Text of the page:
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Electronic Materials

Harvesting electricity from heat with quantum tunneling

Rectennas on spacecraft or houses could generate power from waste heat

by Sam Lemonick
May 22, 2021 | A version of this story appeared in Volume 99, Issue 19


Micrograph image of a bow-tie shaped diode rectifier that's at the heart of the MIM rectenna, with a scale bar showing it is approximately 6 micrometers wide.
Credit: Amina Belkadi
Electrons tunnel across an insulating oxide layer in this diode to turn heat into electricity.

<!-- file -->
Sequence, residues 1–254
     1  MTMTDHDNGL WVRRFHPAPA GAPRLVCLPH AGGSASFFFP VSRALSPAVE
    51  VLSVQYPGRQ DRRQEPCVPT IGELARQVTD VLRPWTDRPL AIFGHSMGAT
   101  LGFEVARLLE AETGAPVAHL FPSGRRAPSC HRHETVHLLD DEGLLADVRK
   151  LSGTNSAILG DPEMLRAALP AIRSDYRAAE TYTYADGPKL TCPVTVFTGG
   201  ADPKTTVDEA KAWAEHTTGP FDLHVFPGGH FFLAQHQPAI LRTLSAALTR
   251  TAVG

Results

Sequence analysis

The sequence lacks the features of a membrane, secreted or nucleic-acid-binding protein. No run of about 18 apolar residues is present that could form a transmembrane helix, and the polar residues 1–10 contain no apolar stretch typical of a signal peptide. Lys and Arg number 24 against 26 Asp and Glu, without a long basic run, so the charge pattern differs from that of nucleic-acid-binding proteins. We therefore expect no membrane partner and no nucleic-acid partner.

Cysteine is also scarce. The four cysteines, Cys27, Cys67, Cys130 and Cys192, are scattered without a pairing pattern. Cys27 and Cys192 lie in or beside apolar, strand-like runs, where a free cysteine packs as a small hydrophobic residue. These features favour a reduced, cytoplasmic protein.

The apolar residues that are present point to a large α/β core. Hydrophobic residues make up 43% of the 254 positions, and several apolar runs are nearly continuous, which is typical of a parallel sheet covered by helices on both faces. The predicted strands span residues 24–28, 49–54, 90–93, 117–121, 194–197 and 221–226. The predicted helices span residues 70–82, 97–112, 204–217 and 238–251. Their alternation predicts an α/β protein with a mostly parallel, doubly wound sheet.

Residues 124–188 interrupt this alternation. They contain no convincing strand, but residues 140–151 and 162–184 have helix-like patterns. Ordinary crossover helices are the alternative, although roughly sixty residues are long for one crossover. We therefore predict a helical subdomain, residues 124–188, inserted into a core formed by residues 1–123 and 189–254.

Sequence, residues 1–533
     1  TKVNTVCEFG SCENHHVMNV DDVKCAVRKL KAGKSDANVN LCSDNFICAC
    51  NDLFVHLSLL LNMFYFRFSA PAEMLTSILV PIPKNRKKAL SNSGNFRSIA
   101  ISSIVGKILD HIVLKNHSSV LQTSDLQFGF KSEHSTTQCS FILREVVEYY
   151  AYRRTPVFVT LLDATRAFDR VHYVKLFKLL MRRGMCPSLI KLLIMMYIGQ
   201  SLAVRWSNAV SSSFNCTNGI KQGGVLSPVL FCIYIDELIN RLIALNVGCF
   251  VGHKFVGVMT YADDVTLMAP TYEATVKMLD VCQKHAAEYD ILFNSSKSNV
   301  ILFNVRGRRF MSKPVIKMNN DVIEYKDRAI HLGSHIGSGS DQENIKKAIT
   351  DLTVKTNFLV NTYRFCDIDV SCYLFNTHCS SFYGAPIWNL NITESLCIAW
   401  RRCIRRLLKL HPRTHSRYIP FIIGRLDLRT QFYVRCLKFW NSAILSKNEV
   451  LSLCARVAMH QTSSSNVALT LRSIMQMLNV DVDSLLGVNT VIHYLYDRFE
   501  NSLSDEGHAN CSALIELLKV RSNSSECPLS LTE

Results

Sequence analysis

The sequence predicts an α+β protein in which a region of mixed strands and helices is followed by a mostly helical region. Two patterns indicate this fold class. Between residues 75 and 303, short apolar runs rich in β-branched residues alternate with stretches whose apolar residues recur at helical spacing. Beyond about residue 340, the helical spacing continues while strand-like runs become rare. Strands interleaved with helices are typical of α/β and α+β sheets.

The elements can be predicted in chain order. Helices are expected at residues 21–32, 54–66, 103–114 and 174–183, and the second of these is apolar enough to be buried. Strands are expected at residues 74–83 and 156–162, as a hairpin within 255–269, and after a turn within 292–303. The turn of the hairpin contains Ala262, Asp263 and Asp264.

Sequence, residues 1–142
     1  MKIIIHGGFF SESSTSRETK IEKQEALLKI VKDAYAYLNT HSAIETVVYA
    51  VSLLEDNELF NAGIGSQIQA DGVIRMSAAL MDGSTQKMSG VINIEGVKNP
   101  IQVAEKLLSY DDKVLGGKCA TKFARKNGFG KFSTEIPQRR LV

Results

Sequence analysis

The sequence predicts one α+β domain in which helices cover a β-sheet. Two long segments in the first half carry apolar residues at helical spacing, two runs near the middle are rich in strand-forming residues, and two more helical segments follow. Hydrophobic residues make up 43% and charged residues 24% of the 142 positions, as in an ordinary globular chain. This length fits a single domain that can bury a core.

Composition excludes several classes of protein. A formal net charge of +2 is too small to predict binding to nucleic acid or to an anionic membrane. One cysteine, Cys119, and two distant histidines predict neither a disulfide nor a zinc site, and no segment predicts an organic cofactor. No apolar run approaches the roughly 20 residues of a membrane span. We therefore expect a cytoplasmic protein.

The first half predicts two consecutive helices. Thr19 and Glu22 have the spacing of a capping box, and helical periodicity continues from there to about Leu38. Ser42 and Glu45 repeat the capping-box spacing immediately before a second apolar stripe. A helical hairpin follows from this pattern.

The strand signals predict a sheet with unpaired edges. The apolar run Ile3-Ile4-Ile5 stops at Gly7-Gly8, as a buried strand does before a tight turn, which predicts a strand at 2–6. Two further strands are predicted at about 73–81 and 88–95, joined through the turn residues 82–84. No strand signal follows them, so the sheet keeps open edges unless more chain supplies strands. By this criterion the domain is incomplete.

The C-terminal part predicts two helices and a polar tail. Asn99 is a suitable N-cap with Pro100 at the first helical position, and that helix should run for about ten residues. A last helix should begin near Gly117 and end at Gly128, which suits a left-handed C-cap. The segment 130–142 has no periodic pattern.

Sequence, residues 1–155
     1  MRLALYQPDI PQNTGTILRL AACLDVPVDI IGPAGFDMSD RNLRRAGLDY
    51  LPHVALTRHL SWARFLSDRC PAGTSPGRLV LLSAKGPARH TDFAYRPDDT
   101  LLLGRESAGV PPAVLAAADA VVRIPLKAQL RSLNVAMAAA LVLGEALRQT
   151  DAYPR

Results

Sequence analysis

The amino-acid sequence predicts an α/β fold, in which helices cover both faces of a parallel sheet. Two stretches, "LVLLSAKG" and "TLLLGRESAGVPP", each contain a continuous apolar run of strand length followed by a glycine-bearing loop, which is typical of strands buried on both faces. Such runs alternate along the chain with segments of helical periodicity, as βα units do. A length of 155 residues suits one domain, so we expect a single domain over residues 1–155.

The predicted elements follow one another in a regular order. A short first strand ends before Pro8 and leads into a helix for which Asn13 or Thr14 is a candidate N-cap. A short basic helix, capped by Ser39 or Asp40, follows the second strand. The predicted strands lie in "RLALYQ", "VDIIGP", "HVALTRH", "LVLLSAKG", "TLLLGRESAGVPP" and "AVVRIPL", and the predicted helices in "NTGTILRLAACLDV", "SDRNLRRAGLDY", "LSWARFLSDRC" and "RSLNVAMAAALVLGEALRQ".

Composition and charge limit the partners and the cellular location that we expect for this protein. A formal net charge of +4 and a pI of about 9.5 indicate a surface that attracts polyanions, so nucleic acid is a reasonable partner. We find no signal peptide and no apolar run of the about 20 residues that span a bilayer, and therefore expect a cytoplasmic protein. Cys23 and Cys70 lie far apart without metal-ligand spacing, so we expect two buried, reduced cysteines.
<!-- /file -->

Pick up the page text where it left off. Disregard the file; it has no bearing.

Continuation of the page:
Your car radio converts electromagnetic radiation—radio waves—into electric currents that the speakers use to produce sound. The same process should be able to convert visible or infrared radiation to electricity. Scientists have now demonstrated a metal-insulator-metal (MIM) diode “rectenna” (rectifying antenna) that works via quantum tunneling and can harvest electricity from heat (Nat. Commun. 2021: DOI: 10.1038/s41467-021-23182-0). Amina Belkadi and colleagues at the University of Colorado, Boulder tuned the materials and construction of their rectenna, thereby designing an electron tunneling device that they demonstrate can turn heat from radiation into current. Other researchers have achieved this result only by applying voltage to the device. MIM diodes are metal electrodes sandwiching oxide insulators. The group found that certain thicknesses in one oxide layer enable electrons to tunnel through efficiently, making an electrical current. Belkadi produced a few tens of µV with an array of 250,000 rectennas. The group says their devices have 100 times the efficiency of the next-best rectennas. If perfected, they could make electricity on walls of bakeries or spacecraft.


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